Accountants appear to have this decision sorted by the time they start high school. Others, myself included, have never had a career plan and seem to do OK.
My latest re-interest in this phenomenon comes from a workshop I was recently involved in together with other folk from New Zealand’s agriculture sector. In this context I’m using “agriculture” as a catch-all term not limited to just livestock and arable production systems.
Agriculture and its related businesses is the engine room of New Zealand’s economy, as it has been since the first European settlers arrived, and always will be. That said, it is struggling to find the talent it needs to succeed. Whether this talent is skilled researchers and analysts with PhDs, marketers and business analysts, or contract milkers, shearers and fencing contractors, New Zealand isn’t producing enough of what it needs. These people need to be tracked down overseas and encouraged to move here.
So what’s driving this? Corporate rather than family-owned farming could be one contributor; relative salary levels and career advancement opportunities could be another; student loans and indebtedness could be another; so too could be the way New Zealand’s education sector and the general population regards agriculture and agri-business.
The very few high schools that provide agriculture training are perceived to be offering Courses for Dummies. Universities don’t provide agriculture qualifications to the extent that they did Back In The Day. The best of the few agriculture students graduating each year apparently get snaffled as rural lending cadets by banks and other similar organisations, leaving an even smaller group available for other employers to hire.
Changing this is an interesting challenge, and evidence to some of a market failure. But is that really true? Is the issue instead one of communication failure, with the needs of a traditional sector being eclipsed by sectors seen as being sexier and more 21st century?
What do young people with a practical and pragmatic bent end up studying these days? Engineering appears to be a casualty of a similar mind-set or prejudice to the one affecting agriculture.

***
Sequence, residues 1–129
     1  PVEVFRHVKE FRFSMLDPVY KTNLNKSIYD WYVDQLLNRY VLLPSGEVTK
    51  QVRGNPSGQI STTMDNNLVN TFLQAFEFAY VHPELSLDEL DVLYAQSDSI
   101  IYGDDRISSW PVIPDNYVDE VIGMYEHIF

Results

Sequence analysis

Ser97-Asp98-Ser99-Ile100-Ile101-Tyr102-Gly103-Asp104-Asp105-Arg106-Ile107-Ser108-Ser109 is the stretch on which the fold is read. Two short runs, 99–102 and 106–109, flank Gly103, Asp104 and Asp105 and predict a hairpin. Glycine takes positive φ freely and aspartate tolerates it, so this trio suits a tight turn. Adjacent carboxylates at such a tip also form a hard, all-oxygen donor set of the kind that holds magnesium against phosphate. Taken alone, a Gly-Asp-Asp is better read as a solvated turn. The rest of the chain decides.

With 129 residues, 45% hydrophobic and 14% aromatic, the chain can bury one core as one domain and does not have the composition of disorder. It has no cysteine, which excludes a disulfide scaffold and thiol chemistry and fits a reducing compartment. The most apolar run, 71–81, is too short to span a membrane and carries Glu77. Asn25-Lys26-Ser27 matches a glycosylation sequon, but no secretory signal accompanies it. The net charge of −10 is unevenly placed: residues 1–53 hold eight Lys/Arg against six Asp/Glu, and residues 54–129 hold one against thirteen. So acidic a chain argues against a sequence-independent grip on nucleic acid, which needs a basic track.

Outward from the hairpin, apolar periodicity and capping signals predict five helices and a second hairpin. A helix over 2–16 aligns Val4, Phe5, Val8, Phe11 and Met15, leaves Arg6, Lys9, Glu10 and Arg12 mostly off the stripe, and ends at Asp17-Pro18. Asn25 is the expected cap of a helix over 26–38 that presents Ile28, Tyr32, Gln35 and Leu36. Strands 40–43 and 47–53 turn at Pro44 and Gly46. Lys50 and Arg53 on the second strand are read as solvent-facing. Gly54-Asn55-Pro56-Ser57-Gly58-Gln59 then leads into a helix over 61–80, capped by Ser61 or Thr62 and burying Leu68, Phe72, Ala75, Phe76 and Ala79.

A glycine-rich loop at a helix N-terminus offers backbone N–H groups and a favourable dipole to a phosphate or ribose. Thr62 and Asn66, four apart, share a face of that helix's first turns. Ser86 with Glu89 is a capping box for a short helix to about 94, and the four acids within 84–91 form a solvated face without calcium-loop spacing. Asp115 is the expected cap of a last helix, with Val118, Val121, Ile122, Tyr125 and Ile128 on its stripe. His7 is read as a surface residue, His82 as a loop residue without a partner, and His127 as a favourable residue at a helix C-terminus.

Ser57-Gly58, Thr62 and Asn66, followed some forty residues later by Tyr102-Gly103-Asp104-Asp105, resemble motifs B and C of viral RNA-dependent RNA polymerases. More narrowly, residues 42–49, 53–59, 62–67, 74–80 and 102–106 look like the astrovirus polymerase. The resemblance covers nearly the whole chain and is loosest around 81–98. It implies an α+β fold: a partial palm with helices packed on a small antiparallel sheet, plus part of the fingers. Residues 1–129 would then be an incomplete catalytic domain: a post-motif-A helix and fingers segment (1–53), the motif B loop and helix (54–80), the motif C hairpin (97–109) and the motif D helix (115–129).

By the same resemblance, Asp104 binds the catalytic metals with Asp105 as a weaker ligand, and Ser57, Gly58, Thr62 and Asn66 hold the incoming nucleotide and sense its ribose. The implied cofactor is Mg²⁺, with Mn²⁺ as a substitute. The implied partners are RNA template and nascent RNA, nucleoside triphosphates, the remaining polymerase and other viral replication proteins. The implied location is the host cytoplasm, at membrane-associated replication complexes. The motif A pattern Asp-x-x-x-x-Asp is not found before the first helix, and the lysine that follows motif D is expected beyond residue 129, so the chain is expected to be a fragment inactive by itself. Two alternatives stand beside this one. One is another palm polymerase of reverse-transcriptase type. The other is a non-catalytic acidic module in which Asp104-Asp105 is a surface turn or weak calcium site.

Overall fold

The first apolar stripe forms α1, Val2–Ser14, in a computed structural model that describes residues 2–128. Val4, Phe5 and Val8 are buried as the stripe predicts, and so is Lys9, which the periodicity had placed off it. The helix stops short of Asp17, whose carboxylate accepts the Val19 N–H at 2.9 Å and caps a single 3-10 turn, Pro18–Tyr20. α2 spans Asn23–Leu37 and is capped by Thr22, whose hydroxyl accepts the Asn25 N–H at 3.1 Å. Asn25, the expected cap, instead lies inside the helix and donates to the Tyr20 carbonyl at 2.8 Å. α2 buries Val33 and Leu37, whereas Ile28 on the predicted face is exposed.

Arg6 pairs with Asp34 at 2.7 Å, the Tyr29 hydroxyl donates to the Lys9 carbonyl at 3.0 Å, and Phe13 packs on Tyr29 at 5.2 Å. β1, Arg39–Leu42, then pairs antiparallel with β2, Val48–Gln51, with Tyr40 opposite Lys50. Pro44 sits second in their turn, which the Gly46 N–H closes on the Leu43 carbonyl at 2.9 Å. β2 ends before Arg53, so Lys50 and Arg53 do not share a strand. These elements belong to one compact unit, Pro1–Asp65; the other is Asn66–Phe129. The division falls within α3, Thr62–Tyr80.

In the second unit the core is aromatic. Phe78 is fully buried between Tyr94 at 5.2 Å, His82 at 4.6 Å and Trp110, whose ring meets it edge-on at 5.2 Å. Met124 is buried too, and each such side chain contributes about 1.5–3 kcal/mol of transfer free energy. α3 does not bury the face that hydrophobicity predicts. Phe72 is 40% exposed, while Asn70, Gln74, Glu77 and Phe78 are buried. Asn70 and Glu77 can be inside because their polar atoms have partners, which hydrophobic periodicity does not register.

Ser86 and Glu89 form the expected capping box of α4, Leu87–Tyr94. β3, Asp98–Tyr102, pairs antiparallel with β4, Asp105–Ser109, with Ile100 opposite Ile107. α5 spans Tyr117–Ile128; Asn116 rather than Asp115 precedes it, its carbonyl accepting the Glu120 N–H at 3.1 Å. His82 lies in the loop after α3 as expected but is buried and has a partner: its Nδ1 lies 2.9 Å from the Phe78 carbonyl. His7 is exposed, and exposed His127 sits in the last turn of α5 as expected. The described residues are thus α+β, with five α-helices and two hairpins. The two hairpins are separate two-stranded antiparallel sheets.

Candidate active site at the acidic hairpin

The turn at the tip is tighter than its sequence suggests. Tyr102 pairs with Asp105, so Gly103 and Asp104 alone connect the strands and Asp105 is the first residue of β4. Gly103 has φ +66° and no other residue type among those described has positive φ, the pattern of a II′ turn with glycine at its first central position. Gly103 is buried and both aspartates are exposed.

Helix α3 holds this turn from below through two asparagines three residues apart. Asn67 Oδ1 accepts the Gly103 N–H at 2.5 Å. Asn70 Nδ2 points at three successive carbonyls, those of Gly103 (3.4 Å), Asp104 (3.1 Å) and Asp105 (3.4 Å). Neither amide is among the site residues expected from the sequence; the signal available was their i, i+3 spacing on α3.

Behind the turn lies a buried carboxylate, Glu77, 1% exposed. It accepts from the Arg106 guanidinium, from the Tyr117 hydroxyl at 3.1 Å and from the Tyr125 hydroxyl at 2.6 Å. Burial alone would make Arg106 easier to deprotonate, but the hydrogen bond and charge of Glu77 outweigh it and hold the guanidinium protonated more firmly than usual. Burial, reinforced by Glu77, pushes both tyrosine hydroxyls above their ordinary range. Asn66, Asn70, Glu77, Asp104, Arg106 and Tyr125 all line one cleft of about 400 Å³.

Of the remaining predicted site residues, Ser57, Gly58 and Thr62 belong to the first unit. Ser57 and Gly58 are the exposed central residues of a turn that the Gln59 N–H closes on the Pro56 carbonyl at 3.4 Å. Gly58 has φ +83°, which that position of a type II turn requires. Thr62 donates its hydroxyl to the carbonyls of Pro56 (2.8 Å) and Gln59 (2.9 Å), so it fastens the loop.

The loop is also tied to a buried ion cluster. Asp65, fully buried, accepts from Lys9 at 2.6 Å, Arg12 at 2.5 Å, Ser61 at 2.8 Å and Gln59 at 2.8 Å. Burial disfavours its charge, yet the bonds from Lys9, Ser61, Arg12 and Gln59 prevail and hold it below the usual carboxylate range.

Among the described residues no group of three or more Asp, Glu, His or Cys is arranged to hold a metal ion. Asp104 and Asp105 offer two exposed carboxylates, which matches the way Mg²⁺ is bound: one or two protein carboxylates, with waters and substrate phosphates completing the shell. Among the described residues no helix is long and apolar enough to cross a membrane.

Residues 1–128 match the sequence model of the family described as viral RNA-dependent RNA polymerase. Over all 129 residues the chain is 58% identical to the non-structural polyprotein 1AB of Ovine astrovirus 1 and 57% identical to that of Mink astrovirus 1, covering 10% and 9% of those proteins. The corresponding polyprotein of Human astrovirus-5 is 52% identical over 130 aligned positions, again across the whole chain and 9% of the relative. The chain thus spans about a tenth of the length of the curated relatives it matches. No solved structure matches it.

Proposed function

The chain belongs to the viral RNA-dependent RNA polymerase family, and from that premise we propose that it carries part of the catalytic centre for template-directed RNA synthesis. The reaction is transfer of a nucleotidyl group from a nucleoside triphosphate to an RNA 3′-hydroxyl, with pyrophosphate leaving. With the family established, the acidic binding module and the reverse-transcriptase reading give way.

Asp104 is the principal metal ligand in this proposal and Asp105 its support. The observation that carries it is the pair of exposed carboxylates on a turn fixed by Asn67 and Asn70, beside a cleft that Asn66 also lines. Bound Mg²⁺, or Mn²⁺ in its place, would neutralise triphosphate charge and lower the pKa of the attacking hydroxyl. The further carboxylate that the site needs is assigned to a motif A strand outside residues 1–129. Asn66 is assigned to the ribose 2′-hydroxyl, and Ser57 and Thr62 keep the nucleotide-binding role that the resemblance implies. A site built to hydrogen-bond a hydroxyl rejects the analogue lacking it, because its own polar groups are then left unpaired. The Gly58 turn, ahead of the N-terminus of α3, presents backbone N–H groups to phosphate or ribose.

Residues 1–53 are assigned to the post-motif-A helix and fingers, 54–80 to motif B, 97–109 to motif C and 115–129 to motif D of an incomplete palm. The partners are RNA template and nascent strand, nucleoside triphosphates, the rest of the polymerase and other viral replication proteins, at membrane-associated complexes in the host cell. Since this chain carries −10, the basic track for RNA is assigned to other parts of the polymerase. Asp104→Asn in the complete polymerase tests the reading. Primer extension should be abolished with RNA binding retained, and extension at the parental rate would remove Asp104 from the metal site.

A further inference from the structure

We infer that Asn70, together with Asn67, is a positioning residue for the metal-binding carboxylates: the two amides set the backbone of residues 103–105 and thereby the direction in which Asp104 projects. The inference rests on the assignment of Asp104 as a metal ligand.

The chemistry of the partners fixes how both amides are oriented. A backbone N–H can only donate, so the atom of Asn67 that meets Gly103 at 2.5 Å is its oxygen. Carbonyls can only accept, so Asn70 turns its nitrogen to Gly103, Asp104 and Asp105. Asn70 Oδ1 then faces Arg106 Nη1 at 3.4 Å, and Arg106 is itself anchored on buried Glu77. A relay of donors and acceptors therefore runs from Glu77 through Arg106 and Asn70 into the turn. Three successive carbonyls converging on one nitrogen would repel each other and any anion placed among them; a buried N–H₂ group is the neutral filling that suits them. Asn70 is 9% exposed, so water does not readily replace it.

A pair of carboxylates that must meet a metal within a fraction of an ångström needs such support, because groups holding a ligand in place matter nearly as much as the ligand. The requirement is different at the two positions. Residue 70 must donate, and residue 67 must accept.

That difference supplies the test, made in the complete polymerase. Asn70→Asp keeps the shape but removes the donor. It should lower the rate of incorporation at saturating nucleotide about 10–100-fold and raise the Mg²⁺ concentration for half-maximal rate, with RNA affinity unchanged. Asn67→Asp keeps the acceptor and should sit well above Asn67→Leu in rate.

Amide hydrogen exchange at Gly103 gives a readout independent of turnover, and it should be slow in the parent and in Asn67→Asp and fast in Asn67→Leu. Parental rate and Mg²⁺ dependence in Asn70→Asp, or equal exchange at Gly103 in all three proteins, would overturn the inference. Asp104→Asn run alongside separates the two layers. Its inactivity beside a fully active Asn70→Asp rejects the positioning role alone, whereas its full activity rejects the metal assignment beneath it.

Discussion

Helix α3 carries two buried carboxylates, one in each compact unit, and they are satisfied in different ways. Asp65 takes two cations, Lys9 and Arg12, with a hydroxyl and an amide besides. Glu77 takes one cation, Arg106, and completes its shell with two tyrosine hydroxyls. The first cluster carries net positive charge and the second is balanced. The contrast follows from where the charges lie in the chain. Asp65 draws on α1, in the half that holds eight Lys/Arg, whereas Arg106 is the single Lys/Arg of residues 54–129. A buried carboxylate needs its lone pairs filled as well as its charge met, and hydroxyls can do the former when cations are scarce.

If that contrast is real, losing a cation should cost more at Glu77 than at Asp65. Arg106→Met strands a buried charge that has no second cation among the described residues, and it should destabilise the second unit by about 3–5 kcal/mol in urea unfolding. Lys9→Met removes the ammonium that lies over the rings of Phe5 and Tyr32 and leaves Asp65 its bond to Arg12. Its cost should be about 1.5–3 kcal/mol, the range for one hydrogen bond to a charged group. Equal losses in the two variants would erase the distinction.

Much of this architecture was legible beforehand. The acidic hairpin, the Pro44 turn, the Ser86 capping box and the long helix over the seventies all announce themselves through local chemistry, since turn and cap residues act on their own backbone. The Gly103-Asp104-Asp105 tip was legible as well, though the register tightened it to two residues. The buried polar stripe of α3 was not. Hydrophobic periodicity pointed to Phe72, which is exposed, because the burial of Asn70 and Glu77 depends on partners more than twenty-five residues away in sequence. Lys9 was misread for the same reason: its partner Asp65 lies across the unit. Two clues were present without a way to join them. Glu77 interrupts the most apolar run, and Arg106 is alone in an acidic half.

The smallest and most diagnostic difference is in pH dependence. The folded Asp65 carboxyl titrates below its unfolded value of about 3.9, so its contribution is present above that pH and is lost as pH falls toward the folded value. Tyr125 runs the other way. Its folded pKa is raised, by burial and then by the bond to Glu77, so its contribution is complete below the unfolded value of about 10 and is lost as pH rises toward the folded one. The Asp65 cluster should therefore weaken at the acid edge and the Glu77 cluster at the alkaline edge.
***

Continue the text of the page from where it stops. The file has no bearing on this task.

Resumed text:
My university qualification is a degree in agricultural science, obtained from Massey University in the days when it valued its agriculture heritage and offered a four-year degree programme in both agriculture and horticulture. These qualifications at Massey are long gone. So too are the academic colleges that provided them, now bundled into a more oblique “sciences” category.
Why did I do this degree? I was attracted to its broad range of subjects, from pure to applied science, mathematical methods, statistics, economics, business management, policy, machinery, marketing, extension and more. The course for the first three of four years was prescribed, with no decisions necessary until the final year, where some form of specialisation was required. I must admit that I struggled with having to choose from the range of subjects on offer.
The Bachelor of Agricultural Science degree was a great “go anywhere” degree not limited to the agriculture sector, if the subsequent careers of its graduates are to be believed. Yes, it fed the needs of New Zealand’s primary agriculture, but not exclusively. Smart, generalist, well-rounded graduates were also sought after by other sectors. People like this are probably still in demand, which begs a question about why young folk aren't doing applied science degrees and why universities aren’t promoting or offering these courses.
If money was no object, what would New Zealand’s agriculture sector do to ensure that its people talent needs were adequate, fit for purpose and home grown? I don’t know the answer to that but I know that it’s not as simple as running a multi-media promotional campaign extolling the virtues of agribusinesses. Even if this Silver Bullet Campaign started tomorrow, it would take at least five to 10 years before talent started rolling off the production line. Meanwhile a home-grown talent drought grows, and a production line hasn’t been built. Or maybe there really isn’t a problem here that needs fixing?
My Grandpa was always a bit concerned about academics and similar specialists. They worried him. These were people he believed learned more and more about less and less until they knew everything about nothing. Conversely I am one of those people who learns less and less about more and more until they know nothing about everything – the sort of person who gets been banned from Trivial Pursuits and similar quiz nights. How fair is that?